Moreover, promising results on pretargeted PET applying pre-administered cyclooctyne-labeled nanoparticles followed by administration of an azide-functionalized fluorine-18-labeled mini-PEG have been reported.13 Nevertheless, this highly polar radiolabeled probe is unlikely to cross cell membranes and thus is not suitable in combination with internalizing chemical reporters. Hence, a metabolically stable probe with fast pharmacokinetics and medium polarity (cell permeability) is supposed to be of high value for SPAAC-mediated in vivo applications.

In recent years, the inverse electron demand Diels–Alder (IEDDA) reactions between 1,2,4,5-tetrazines and trans-cyclooctenes (TCOs) has successfully been applied in rapid radiolabeling and bioorthogonal PET imaging.7,18–23 Rate constants of this ligation are particularly high, however, in addition to increased steric demand, tetrazine (radio)chemistry does not meet the robustness of low-molecular-weight [18F]fluoroalkyl azides.

Despite the applicability of [18F]FEA several problems are associated with this low-molecular weight agent. [18F]FEA is highly volatile and usually purified from the labeling reaction mixture by co-distillation with acetonitrile.5 However this purification is time-consuming and care must be taken not to exceed a distillation temperature of 90 °C. Otherwise, the precursor is carried over causing impurities and interferences in subsequent cycloaddition reactions.24 Moreover, the tosylated precursor is highly viscous making it difficult to handle in small quantities. Stable 2-fluoroethyl azide required for synthesis of cold reference materials is potentially explosive, gaseous and difficult to handle in isolated form.5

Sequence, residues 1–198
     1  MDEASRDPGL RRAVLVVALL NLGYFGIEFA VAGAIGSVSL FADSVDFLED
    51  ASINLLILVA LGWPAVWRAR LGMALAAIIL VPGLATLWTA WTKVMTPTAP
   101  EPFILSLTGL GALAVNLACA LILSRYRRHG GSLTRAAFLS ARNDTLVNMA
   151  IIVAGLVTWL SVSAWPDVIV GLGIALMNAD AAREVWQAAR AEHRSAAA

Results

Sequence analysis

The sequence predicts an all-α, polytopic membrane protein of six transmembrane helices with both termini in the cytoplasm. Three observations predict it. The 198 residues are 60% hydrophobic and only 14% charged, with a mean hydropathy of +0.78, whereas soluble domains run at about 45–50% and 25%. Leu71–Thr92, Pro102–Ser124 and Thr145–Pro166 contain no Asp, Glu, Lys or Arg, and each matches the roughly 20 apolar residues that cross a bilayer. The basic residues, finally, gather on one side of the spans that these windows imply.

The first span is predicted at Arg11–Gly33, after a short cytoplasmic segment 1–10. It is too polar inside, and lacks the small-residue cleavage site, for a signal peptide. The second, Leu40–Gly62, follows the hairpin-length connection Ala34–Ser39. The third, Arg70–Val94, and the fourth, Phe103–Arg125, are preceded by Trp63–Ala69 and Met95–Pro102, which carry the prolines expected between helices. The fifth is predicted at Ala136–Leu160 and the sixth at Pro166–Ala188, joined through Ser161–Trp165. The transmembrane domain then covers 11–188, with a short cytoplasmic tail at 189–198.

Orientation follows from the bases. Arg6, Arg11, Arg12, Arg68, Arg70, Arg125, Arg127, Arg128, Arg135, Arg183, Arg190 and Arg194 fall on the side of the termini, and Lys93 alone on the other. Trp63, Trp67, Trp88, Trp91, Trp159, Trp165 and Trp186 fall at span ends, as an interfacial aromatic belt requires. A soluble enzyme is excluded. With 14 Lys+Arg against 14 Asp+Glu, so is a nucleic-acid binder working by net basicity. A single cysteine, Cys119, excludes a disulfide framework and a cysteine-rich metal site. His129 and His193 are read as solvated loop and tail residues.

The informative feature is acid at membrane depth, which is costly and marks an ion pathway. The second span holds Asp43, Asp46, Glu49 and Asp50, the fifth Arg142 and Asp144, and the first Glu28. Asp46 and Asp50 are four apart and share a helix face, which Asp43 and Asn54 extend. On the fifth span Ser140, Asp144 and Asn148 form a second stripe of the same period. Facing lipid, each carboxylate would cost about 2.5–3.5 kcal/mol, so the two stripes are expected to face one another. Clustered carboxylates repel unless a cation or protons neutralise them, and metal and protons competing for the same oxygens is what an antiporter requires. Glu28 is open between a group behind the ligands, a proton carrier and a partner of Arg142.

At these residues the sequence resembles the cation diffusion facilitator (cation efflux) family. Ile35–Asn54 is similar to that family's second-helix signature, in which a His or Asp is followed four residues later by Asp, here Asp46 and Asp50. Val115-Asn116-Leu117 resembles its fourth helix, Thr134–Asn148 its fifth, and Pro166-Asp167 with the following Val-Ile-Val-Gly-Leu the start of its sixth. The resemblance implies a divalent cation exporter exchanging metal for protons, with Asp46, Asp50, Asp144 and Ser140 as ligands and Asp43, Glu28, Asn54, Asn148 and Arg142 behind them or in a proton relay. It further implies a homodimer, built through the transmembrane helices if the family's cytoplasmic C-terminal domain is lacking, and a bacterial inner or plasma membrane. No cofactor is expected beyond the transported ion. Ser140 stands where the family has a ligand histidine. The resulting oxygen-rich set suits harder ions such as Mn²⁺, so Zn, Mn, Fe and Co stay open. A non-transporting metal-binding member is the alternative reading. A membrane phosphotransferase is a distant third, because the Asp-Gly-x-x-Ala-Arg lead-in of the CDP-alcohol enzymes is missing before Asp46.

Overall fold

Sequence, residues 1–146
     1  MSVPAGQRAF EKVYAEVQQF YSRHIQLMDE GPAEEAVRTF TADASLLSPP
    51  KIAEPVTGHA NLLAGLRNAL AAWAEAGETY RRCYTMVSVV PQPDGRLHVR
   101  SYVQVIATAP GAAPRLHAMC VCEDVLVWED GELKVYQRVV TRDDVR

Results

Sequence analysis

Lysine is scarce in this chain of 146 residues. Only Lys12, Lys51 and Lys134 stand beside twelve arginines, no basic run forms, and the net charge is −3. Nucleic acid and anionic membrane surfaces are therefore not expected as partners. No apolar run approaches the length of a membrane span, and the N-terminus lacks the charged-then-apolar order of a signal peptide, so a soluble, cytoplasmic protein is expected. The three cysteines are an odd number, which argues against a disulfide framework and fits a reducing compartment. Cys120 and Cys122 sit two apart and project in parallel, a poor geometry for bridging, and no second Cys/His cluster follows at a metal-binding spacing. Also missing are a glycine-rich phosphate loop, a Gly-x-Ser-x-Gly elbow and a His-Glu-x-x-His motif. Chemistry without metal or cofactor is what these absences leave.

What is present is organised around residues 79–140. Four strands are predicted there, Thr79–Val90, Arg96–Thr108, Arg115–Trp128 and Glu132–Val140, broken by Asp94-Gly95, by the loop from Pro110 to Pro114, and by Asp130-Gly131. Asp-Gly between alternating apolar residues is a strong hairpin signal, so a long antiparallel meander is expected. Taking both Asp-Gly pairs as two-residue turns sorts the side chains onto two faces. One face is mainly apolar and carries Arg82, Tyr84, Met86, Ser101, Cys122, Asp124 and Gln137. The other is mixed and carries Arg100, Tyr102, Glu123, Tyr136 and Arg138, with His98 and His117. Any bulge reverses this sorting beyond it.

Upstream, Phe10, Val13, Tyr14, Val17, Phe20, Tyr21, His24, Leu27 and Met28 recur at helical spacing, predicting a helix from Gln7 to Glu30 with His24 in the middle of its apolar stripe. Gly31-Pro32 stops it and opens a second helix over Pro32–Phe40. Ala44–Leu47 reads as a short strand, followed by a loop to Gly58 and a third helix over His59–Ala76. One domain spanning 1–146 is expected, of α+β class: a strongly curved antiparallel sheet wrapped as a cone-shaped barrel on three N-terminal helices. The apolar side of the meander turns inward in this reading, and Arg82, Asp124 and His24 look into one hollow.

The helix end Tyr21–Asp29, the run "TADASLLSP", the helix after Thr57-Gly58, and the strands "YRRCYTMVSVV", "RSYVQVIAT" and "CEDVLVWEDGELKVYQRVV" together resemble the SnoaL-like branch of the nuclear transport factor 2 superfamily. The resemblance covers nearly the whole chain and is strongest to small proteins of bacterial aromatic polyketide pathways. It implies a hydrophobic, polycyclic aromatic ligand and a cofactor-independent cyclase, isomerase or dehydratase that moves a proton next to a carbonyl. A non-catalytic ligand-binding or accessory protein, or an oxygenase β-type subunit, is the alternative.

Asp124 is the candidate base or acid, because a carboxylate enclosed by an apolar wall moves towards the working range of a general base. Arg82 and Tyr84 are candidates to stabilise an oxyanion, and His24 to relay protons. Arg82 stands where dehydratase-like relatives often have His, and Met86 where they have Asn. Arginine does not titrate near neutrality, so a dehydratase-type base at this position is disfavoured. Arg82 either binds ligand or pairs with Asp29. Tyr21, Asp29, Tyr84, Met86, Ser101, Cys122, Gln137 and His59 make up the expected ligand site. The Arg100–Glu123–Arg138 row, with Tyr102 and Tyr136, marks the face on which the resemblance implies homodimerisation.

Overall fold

In this paper we aim to shed light on the applicability of [18F]FEA and related compounds as click imaging agents by detailed investigation of biodistribution and metabolism. Furthermore, we present new tools that circumvent problems associated with [18F]FEA. A novel crystalline precursor for efficient radiolabeling is presented enabling the synthesis of [18F]FEA in high yields also avoiding problems related to distillation carry-over. Moreover, two new low-molecular-weight [18F]fluoroalkyl azides (1-azido-3-[18F]fluoropropane and 2-azido-1-[18F]fluoropropane) are presented as prosthetic groups with beneficial properties, and further investigated with emphasis on applicability as click imaging agents for pretargeted PET imaging showing only very limited applicability.

Results and discussion

Radiosynthesis and rapid radiolabeling

image file: c7ob00880e-u1.tif
Radiosynthesis of [18F]1 is commonly carried out using K2CO3/Kryptofix-222 (K222)-mediated nucleophilic radiofluorination of the tosylated precursor 2-azidoethyl 4-methylbenzenesulfonate (2).5,25,26 After short reaction time at elevated temperature (80–110 °C) the product is isolated by co-distillation with acetonitrile. However, time-consuming distillation at low temperature, reduced pressure and the use of low precursor mass are required to minimize carry-over of the volatile tosylate 2. Co-distilled precursor causes chemical impurities and furthermore competes with [18F]1 within the cycloaddition with alkyne groups leading to low yields in the ligation reaction.

To circumvent this problem 2-azidoethyl 4-nitrobenzenesulfonate (3) was synthesized as novel precursor material from 2-azidoethanol and nosyl chloride in 67% yield (Fig. 2). The nosylate was obtained as crystalline solid, thus making handling of small quantities significantly easier compared to the highly viscous, commonly used precursor 2-azidoethyl 4-methylbenzenesulfonate (2). [18F]1 was obtained by reacting 3 with azeotropically dried [18F]fluoride and K2CO3/K222 in acetonitrile for 5 min at 105 °C (Scheme 1). Time-efficient distillation at 105–110 °C in a stream of argon afforded [18F]1 in 75% decay-corrected yield and >99% radiochemical purity. Most noteworthy, no precursor was detectable in the distilled product by HPLC due to reduced volatility of 3.

image file: c7ob00880e-f2.tif